|Publication number||US5163113 A|
|Application number||US 07/555,129|
|Publication date||Nov 10, 1992|
|Filing date||Jul 19, 1990|
|Priority date||Jul 19, 1990|
|Publication number||07555129, 555129, US 5163113 A, US 5163113A, US-A-5163113, US5163113 A, US5163113A|
|Original Assignee||Gte Laboratories Incorporated|
|Export Citation||BiBTeX, EndNote, RefMan|
|Patent Citations (7), Non-Patent Citations (4), Referenced by (65), Classifications (10), Legal Events (6)|
|External Links: USPTO, USPTO Assignment, Espacenet|
This invention relates to optical component packaging and, more particularly, to an apparatus for coupling light from a light-generating chip into an untreated, unetched optical fiber.
Attachment of fibers, and in particular single-mode fibers, to semiconductor lasers requires very accurate positioning of the fiber core with respect to the lasing spot of the laser to achieve optimal coupling of the light. The conventional technique of butt-coupling of cleaved fibers requires fiber alignment, lateral to the beam propagation direction, to within 0.5 μm with respect to the laser beam center in order to ensure good coupling efficiency. The coupling efficiency can be further improved by tapering the fiber end or lensing the fiber tip. However, these modifications to the fiber further increase the precision necessary for accurate fiber alignment.
The alignment accuracy in the axial direction (along the direction of beam propagation) is more relaxed than in the lateral direction since the coupling efficiency is less sensitive to the precise distance of the fiber to laser than to the fiber lateral displacement away from the center of the laser beam. In the conventional laser-to-fiber butt-coupling assembly of FIG. 1, for example, the positioning in the lateral y-direction is the least precise but is the most critical since the coupling efficiency is more sensitive to variations in the y-direction than in the axial x-direction. For an efficient pigtailing operation, it is desirable to locate the fiber in a fiber receiving conduit, such as a V-groove, to facilitate a permanent fiber attachment in the aligned position. Placing the fiber in such a V-groove, however, allows adjustment of the fiber position in the least critical dimension (x-direction) only, namely along the fiber axis.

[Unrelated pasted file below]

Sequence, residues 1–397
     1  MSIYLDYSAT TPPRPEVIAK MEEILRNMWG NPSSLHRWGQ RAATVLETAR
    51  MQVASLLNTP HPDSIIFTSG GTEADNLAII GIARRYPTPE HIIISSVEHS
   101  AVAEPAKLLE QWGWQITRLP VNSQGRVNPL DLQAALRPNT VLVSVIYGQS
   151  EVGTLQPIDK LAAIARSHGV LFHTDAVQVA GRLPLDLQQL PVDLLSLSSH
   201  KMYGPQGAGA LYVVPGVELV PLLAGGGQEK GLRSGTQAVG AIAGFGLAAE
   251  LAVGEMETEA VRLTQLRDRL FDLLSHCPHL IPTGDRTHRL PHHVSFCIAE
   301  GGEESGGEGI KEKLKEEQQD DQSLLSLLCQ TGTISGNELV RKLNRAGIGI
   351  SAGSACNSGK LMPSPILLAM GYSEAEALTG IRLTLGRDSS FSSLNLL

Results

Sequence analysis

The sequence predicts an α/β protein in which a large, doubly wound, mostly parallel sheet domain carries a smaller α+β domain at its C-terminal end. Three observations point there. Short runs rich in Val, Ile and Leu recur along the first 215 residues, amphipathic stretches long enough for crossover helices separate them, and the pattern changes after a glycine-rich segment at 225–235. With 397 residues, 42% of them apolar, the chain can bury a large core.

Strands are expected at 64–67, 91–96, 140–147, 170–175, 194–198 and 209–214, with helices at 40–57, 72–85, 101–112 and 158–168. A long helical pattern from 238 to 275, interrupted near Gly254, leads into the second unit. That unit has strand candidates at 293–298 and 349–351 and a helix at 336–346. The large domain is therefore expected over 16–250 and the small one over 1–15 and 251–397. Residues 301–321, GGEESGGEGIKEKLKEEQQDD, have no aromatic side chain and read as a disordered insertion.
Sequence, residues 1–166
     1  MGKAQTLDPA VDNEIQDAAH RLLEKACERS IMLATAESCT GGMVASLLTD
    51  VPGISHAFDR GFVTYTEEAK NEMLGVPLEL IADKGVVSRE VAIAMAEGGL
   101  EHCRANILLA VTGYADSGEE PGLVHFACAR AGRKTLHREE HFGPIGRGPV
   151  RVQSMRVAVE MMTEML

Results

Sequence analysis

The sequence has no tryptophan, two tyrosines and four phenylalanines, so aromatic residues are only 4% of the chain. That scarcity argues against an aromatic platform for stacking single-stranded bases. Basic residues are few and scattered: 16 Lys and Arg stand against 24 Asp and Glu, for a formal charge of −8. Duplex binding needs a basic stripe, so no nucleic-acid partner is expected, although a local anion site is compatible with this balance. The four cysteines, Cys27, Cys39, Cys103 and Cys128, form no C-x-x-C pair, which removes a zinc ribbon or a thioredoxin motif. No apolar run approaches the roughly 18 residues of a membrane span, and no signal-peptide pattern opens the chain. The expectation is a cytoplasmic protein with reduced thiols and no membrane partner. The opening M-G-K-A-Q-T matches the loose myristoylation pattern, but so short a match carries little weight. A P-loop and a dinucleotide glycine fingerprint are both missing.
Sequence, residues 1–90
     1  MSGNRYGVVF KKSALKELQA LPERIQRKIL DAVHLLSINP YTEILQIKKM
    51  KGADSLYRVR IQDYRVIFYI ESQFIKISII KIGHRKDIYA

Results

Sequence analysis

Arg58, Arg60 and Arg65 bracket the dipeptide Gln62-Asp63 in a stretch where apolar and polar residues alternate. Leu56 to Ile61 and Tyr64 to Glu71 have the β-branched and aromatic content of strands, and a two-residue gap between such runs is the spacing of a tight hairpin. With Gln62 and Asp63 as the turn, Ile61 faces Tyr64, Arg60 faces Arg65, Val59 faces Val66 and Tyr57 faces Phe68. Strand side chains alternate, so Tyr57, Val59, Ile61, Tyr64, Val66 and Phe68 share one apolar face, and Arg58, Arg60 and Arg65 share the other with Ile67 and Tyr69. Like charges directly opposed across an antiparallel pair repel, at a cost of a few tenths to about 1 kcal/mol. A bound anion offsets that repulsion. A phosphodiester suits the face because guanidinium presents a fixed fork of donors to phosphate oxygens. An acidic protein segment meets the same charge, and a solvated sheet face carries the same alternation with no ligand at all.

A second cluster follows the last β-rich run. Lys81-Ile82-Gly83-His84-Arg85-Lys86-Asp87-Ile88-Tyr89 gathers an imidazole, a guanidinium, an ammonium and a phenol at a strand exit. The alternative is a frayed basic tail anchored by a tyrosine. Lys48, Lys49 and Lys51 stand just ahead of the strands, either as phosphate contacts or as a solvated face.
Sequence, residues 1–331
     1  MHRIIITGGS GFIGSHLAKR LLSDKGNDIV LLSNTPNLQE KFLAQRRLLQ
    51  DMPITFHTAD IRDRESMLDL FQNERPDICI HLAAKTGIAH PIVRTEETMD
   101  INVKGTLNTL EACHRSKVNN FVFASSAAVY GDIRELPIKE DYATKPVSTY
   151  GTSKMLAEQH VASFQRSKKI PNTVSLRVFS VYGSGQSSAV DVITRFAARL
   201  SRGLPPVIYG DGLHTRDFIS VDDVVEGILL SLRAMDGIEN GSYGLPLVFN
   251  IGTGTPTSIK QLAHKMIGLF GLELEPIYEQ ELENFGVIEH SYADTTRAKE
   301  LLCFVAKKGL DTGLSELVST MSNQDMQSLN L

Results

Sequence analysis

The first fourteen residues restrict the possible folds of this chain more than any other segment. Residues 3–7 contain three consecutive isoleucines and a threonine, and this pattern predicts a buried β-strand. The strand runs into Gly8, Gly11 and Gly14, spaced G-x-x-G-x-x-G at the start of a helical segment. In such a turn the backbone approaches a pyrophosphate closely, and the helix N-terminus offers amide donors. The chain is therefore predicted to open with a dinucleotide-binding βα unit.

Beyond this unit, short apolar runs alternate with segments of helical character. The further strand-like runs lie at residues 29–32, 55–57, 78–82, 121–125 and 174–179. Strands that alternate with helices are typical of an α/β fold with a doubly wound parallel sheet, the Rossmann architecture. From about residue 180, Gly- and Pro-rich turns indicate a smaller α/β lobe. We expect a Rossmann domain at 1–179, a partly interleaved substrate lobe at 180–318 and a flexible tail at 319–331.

It is a principal object of the present invention to obviate the above-noted and other disadvantages of the prior art.
It is a further object of the present invention to configure the geometry of a coupling assembly in such a way that the maximum coupling in the least accurate or least controllable dimensions can be achieved simply by sliding the fiber along a fiber-receiving groove before it is permanently attached to the groove.
In one aspect of the present invention, an apparatus for coupling a fiber to a light-emitting source such as a laser chip includes a mounting block to which is attached the light-emitting source, and a substrate carrier also attached to the block and having a channel space extending axially through the substrate. An untreated fiber having a beveled end with an inner and outer face is positionable within the channel space such that light emitted from said light-emitting source strikes the inner face of the beveled end and is totally internally reflected into the fiber. In another aspect of the present invention, the light-emitting source is attached to a source mount fixed to the mounting block. A mirror is positioned on the source mount in relation to the light-emitting source so that light emitted from this source is reflected by the mirror to form a beam spot on the inner face of the beveled end where it is totally internally reflected into the fiber.
FIG. 1 is a lateral view of a conventional laser-to-fiber coupling apparatus;
FIG. 2 is a lateral view of a coupling assembly according to a first embodiment of the present invention; and
FIG. 3 is a lateral view of a coupling assembly according to a second embodiment of the present invention.
In FIG. 1 is shown a conventional coupling apparatus wherein a fiber 13 positioned in a grooved substrate 14 is butt-coupled to a laser chip 12 attached to a mount 11. The entire assembly is placed on a mounting block 10. An optical wavefront 15 is emitted by laser chip 12 and propagates axially in the x-direction to fiber 13. As noted before, the coupling efficiency from chip 12 to fiber 13 is most affected by misalignments in the least controllable and least precise lateral y-direction.